The seven bones of the cervical spine that make up the human neck are known as C1 through C7 from top to bottom, according to Healthline. The vertebra closest to the skull, or C1, is known as the atlas, and the vertebra directly below the atlas is called the axis.
The seven cervical vertebrae are the smallest backbones in the human body, and the vertebra closest to the skull is the smallest of the seven neck bones. Each cervical vertebra has a cervical disc between it, and these bones support the head. Muscles attached to these vertebrae rotate, flex and extend the neck, notes Spine-health.com. The atlas and axis are specialized vertebrae that help rotate the head side-to-side, whereas the other five cervical vertebrae more closely resemble larger vertebrae further down the spine.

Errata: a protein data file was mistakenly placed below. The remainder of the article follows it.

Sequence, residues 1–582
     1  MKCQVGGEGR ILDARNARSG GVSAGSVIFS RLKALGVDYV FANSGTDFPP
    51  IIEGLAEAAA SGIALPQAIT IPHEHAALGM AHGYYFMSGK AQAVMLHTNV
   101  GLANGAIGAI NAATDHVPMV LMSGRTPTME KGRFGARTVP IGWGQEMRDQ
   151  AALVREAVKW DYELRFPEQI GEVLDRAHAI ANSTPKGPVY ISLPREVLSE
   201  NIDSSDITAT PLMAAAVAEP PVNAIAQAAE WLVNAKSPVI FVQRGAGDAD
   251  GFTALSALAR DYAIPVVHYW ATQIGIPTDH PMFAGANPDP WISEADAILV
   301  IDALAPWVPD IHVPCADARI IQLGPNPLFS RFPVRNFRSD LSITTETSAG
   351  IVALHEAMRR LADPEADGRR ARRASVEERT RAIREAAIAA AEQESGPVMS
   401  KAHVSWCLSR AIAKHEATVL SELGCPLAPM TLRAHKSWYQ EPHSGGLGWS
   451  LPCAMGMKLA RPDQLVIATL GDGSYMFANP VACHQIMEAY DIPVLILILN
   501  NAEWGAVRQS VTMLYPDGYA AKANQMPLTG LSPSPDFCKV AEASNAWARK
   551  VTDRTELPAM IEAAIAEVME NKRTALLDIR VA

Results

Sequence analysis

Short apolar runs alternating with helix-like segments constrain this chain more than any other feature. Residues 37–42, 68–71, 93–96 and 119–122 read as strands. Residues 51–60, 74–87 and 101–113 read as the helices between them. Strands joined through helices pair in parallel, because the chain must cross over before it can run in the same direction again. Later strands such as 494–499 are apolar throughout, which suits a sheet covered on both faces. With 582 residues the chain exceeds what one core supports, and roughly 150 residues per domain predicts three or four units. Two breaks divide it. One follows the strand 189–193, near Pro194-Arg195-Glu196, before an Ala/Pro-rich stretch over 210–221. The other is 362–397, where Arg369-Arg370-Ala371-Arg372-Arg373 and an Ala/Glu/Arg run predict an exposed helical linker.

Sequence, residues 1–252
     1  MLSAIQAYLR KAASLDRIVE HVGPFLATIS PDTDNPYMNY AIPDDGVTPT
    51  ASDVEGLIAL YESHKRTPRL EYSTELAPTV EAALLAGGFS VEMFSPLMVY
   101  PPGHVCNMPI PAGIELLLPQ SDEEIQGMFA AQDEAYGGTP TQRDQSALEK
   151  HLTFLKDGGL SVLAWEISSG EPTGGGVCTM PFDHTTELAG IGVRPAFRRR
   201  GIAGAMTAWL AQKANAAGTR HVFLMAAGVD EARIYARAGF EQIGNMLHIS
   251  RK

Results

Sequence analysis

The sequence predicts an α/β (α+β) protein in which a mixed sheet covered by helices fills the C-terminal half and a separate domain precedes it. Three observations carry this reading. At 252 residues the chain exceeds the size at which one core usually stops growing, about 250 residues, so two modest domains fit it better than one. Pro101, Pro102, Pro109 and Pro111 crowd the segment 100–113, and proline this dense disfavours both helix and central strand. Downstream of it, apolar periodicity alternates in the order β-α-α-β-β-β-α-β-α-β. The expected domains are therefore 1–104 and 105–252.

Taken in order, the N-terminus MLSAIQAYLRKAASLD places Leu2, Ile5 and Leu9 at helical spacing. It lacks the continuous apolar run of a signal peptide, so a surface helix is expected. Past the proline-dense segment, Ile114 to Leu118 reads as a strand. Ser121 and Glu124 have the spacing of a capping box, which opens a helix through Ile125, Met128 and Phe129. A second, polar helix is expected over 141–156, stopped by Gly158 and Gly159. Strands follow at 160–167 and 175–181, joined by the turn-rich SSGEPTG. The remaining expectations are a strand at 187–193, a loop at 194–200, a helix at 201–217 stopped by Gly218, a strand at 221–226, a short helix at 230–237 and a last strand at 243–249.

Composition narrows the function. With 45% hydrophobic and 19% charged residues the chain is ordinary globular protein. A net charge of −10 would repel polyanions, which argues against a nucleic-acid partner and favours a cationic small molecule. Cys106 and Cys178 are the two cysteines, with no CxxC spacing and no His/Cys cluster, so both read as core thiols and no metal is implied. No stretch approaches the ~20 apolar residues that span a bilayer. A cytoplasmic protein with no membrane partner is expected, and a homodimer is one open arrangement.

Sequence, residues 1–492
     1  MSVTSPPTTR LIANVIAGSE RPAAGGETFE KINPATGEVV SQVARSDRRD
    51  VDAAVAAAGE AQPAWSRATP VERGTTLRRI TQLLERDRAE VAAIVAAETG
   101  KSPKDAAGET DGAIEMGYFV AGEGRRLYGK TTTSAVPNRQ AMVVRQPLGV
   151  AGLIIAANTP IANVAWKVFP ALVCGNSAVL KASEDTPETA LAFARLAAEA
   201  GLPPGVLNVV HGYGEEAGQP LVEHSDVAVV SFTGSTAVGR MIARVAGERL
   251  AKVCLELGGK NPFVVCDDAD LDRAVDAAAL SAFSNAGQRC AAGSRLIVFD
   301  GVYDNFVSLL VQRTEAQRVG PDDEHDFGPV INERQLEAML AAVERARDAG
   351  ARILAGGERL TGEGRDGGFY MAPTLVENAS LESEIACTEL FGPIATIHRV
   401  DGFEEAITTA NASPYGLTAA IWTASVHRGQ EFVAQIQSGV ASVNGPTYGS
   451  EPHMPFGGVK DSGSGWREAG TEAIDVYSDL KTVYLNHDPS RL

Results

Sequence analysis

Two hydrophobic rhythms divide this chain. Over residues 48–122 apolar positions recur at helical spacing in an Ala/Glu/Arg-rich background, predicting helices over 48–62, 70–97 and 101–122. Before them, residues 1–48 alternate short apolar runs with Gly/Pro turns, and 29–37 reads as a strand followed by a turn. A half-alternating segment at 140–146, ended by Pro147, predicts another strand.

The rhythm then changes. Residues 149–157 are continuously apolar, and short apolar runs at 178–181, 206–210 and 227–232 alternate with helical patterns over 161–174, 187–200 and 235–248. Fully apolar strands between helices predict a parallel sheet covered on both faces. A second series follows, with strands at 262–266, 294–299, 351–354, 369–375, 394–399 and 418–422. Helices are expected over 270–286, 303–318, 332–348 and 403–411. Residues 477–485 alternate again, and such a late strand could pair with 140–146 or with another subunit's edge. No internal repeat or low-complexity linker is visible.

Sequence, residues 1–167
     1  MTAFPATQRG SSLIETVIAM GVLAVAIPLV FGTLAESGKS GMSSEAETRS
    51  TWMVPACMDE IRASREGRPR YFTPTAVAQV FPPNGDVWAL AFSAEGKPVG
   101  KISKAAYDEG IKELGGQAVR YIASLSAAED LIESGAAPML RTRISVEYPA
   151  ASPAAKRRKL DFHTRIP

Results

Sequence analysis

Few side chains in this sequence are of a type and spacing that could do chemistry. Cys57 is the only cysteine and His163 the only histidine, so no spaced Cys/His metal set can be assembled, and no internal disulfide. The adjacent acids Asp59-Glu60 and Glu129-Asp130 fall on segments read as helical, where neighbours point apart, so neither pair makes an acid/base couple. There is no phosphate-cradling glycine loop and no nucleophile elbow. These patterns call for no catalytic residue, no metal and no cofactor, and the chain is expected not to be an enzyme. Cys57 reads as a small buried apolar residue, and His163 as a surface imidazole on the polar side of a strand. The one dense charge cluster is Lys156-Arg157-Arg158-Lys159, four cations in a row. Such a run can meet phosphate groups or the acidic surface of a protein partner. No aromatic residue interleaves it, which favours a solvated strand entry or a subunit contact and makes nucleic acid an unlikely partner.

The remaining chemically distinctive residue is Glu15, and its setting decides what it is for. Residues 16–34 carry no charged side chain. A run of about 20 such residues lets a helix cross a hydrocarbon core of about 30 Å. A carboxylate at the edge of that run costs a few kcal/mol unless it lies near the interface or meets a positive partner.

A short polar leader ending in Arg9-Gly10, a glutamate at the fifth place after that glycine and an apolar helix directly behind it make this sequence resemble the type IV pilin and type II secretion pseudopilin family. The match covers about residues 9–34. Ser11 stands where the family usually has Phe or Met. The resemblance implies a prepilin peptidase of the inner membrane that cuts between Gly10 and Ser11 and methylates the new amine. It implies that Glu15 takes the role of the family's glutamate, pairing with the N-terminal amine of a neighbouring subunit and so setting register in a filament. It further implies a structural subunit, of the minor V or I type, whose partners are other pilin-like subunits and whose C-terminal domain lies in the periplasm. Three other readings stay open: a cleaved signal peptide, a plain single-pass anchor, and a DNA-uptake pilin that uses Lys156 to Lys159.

The seven cervical vertebrae protect the spinal cord as it protrudes from the brain. The Longus colli muscle lies between the vertebrae and the rest of the neck. This muscle extends into the upper back and helps move the neck and keep the neck stable. The Longus colli is the muscle injured most often in a car accident involving whiplash, notes Healthline. Three other muscles connect to the neck vertebrae to help move the neck, head and back.